Monday, May 5, 2008

Stick'em Up

There are a lot of things I didn't know were controversial until I became a mother. Things like breastfeeding in public, letting your baby cry themselves to sleep and circumcision. Another something that falls in that category is vaccinating your children.

James just had his first round of shots today (they start later in Denmark than in the States) and I've been reading up on the issue a little more lately. The best recent article I've read on the subject that seems to go beyond both extremes in the vaccination debate is The Needle and the Studies Done published recently in Brain, Child. It seemed to give a fair hearing to both sides of the argument and offers a middle ground (complete with the necessary Dr. Sears endorsement).

I've never had a good grasp on why some parents choose not to vaccinate their children but I tended to take a "live and let live" attitude toward the whole thing. Largely because I thought that not vaccinating a child was only risking infection in the nonvaccinated child. But then I was reading in passing about the measles outbreak in the States. Measles is still an active disease that effects 20 million people each year. In this case it was brought in by travelers and picked up by nonvaccinated children who in some cases passed it along to infants who haven't yet had their MMR vaccine. Infants like James.

To me this goes a little beyond live and let live.


Judit said...

Oooh, I love Brain, Child! And I liked this article too.
The problem with measles is that it is highly infectious... but it tends to be milder in children... except for complications, which can be bad... and 64 cases in 300 million somehow doesn't scare me... but I am very much a 'live and let live' mother who vaccinates late and selectively. My baby is 12 mos now so she's actually due for her measles shot and I will let her have it; I am much more concerned with the number and frequency of vaccines in early infancy.
Did you notice that the CDC article mentioned 'infants too young to be vaccinated' contracting the disease? This might be a bit misleading to those who are not aware that the MMR is not given before age 12 mos because typically, infants retain measles antibodies transmitted from the mother during pregnancy. I gather a hint of an emotional appeal in the phrase 'too young to be vaccinated' without further explanation. I really wonder why those 14 babies did catch measles though. Immunocompromised? Mothers don't have antibodies? Not breastfed? Bad luck? All of the above?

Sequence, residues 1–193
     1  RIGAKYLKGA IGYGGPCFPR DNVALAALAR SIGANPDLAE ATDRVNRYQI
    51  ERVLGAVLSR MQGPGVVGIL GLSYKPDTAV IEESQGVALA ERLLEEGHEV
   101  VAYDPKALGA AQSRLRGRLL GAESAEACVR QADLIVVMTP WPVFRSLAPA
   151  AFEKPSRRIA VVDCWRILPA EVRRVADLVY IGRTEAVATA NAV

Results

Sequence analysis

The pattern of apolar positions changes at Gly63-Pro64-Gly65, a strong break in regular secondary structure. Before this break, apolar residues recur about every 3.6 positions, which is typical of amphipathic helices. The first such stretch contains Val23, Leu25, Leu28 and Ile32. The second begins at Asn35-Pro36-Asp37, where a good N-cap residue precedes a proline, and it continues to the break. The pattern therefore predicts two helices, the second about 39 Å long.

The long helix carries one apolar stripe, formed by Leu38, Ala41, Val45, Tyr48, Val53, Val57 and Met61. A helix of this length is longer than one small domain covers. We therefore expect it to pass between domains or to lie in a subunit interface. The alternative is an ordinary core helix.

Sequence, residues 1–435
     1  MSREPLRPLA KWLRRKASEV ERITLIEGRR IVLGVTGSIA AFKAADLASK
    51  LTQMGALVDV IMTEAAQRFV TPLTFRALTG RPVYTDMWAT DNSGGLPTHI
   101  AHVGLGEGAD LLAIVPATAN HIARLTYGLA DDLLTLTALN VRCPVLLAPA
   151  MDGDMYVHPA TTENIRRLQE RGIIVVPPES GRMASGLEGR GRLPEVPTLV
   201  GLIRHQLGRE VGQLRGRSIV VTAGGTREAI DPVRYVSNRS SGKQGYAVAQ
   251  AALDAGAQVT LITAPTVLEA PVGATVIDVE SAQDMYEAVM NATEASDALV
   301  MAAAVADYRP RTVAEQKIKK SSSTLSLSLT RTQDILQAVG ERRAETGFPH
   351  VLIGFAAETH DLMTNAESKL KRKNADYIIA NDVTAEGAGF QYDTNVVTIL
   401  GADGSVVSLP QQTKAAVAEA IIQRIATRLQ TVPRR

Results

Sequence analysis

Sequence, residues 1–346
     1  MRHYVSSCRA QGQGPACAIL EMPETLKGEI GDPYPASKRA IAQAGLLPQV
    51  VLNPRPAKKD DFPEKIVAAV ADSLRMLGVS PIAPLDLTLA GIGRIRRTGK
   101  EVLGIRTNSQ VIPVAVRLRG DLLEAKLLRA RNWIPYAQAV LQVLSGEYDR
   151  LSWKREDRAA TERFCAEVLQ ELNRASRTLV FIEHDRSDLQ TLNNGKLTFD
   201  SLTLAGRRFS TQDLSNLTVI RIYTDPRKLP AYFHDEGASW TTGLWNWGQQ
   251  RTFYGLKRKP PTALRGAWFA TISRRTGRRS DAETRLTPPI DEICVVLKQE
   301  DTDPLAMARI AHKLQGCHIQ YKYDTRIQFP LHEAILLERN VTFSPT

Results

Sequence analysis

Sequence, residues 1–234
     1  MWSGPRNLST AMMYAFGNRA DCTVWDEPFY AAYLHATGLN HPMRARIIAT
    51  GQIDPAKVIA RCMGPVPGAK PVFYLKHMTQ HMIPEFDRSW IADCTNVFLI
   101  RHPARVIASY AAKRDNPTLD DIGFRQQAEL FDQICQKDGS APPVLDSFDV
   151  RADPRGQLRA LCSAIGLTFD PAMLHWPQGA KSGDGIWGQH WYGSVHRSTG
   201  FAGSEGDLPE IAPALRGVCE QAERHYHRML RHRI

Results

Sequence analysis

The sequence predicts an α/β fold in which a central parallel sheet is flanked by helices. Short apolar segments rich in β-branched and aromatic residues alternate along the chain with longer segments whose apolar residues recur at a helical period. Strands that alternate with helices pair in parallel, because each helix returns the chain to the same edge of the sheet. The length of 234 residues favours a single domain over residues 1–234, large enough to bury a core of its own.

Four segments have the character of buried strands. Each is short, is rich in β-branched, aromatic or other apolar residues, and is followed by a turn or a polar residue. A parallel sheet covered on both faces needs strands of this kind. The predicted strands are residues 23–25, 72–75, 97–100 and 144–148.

Rebekah said...

I can see how there can be a reasonable argument for not giving your kids a number of vaccines all at once but do find a problem with not giving vaccines at all.

As far as those 14 babies go, you're right that the CDC didn't really explain how they caught the measles and babies don't start their round of MMR vaccines until they're 12 months. But that's still 50 kids who were needlessly sick, 49 of which (presumably) weren't protected from the measles. Also, nonvaccinated girls grow up to be mothers who can't pass along measles antibodies to their children - breastfed or not.

I must say it is still unsettling to think that a mom could just be taking her baby in for a well baby visit and her baby could pick up measles or something more serious from a nonvaccinated child.

Judit said...

Yes, I see your point, that is the big question--what the immune status of this upcoming generation will be... As a society, we are now dependent on near universal vaccination by having lowered disease rates to a point where it's unlikely that kids can acquire natural immunity. I held off with varicella until age 4, and seeing that my son didn't get chickenpox 'on his own', and because he was entering preschool, I got him the vaccine. Made sense to me... I wonder what the all-out non-vaccinating parents plan to do over the long run. The anti-vax movement needs to start asking that question... and that will be a test of the integrity of the movement as well; can they come up with sensible recommendations to their own followers?